Do I have to be totally disabled for federal disability retirement? Many federal employees struggle with this question. Some problems at work may stem from a medical condition, but most employees find it difficult to classify themselves as disabled. Many workers want to keep working and the idea of a being limited in their life scares them.
That is normal. That is also one of the most interesting and indeed, best, parts of the federal disability retirement benefit. In order to fully understand why, we need to unpack the major differences between total and occupational disability.
The Definition and Implications of Total Disability
Total disability means that someone is completely unable to perform any ‘gainful employment activity’. If you fall under this category, you are certainly eligible and should look into a consultation with a federal disability attorney (Like Harris Federal Law Firm!). If you are unable to work for the rest of your life due to a disability, you would be considered to have a totally disability. Common causes of totally disability include severe injuries, catastrophic illnesses, or chronic conditions.
You would also be eligible for Social Security Disability. This is designed for all Americans that have paid into the Social Security system and can no longer perform any work. But this is a very strict requirement, much more so than the Federal Disability Retirement requirement.
Occupational Disability: A Middle Ground
This brings us to the next type of disability: Occupational.
Occupational disability simply means that you are not able to complete the work required by that occupation. This is where many federal employees struggle. Many cannot fully complete their job’s requirements or meet fitness for duty standards, but know that they are not totally disabled.
Comparing Federal Disability Retirement and Social Security Disability
Federal Disability Retirement is designed specifically for that type of person. If you are less than fully successful at any aspect of your employment, you may qualify. This immediately makes you eligible to continue your working career in the private sector. You must choose a job that fits within the medical restrictions your injury imposes, but you are allowed to work.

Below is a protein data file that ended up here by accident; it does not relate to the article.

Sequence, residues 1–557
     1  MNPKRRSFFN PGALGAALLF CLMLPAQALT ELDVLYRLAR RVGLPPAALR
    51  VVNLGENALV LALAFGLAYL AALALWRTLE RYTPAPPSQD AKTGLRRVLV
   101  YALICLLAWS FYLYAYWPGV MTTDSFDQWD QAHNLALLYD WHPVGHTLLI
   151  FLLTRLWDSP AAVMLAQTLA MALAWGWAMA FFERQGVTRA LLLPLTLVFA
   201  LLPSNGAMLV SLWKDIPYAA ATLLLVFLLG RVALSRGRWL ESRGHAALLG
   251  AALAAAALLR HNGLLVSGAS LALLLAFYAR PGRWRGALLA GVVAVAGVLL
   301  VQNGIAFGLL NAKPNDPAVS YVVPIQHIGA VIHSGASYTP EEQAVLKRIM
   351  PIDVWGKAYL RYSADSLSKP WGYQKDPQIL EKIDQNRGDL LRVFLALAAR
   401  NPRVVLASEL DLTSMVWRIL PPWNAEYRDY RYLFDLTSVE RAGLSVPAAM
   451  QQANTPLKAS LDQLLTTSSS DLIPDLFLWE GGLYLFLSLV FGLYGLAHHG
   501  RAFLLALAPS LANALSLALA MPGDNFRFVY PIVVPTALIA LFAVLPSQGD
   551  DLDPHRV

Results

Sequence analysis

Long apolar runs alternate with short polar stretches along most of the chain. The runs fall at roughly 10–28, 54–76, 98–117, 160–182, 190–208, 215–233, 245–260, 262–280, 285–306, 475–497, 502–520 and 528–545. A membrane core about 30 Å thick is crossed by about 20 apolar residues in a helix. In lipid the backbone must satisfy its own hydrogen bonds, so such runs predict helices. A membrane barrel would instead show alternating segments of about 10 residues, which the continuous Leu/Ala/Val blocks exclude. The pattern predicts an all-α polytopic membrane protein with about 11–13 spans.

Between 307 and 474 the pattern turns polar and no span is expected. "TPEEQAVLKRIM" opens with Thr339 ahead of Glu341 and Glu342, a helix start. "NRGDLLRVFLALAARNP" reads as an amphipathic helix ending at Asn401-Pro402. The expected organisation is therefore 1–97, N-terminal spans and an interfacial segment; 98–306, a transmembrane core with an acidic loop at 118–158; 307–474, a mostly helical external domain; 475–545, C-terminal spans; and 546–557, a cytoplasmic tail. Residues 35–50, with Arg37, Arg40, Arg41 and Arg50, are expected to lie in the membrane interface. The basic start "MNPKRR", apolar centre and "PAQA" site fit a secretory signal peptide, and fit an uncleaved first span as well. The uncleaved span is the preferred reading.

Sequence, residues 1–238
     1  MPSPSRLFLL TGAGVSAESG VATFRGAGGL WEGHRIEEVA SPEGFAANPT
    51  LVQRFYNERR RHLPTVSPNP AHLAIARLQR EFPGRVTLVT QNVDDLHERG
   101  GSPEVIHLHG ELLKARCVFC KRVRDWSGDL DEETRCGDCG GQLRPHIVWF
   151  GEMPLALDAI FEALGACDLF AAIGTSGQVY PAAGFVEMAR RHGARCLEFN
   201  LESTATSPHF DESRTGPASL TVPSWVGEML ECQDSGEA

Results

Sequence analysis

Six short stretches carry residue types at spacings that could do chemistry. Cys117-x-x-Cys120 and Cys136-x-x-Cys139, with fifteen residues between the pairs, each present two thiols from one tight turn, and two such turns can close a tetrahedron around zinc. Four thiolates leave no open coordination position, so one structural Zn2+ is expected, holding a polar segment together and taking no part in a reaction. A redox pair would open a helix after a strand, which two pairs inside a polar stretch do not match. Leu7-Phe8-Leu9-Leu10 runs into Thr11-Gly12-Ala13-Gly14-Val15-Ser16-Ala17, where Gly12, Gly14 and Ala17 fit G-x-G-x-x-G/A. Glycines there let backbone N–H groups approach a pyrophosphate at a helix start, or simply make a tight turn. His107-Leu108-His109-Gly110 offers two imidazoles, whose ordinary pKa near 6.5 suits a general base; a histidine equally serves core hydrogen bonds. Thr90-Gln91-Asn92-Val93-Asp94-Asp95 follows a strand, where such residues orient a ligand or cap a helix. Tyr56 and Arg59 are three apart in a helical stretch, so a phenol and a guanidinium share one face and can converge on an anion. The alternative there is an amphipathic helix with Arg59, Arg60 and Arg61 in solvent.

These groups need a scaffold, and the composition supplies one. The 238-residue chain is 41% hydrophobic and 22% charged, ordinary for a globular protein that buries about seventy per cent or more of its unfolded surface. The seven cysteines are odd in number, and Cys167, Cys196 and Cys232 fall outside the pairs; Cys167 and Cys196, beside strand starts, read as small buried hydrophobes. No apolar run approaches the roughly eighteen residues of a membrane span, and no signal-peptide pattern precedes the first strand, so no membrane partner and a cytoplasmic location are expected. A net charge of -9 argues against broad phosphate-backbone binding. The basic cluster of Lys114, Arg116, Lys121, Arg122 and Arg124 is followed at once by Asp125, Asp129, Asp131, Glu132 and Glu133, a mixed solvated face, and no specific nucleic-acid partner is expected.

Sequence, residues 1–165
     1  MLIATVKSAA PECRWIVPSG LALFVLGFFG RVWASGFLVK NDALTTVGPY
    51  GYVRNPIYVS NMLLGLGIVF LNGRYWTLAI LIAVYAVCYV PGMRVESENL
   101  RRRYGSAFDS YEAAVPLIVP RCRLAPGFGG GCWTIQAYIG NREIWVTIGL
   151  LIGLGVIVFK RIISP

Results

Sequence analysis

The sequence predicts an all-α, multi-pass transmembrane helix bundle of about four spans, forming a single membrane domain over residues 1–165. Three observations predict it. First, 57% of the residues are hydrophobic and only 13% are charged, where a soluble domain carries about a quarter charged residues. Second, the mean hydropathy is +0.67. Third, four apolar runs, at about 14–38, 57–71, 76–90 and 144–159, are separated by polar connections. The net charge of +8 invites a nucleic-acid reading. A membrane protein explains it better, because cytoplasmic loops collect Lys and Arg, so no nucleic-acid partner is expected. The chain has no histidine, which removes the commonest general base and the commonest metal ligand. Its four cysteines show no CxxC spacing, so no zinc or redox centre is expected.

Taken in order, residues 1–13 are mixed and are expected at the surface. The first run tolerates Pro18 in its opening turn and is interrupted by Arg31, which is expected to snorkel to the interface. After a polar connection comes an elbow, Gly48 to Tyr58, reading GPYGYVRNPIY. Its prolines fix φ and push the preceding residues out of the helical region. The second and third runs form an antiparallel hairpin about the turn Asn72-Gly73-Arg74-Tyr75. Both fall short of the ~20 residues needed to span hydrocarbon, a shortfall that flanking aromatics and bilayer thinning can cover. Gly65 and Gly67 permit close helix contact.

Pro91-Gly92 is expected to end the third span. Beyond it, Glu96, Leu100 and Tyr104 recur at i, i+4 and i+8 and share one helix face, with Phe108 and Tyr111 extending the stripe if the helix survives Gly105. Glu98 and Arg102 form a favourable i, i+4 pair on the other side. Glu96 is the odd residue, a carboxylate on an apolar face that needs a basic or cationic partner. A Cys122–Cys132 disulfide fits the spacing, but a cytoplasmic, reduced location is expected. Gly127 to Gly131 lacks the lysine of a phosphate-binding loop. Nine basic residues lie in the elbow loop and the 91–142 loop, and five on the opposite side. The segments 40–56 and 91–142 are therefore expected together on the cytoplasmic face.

Being able to continue to work is what separates Federal Disability Retirement from a Social Security Disability or other total disability benefit. You can get the benefits from the pension you’ve been paying into, while continuing to work. If you have complete disability, it works there as well. You can receive both Federal Disability Retirement and Social Security Disability concurrently, albeit with an offset.
The Verdict: Do You Need to Be Totally Disabled?
To answer our initial question, you do not have to be totally disabled to receive federal disability retirement.
Get Expert Legal Advice Today
Call or email us to schedule a free consultation to discuss your options and rights. As a attorney’s office that focuses on federal disability benefits, we can explain your options and rights so you can make the best decision for your future.
All FERS and CSRS career employees can access this benefit. Make sure you know your options to maximize your benefits.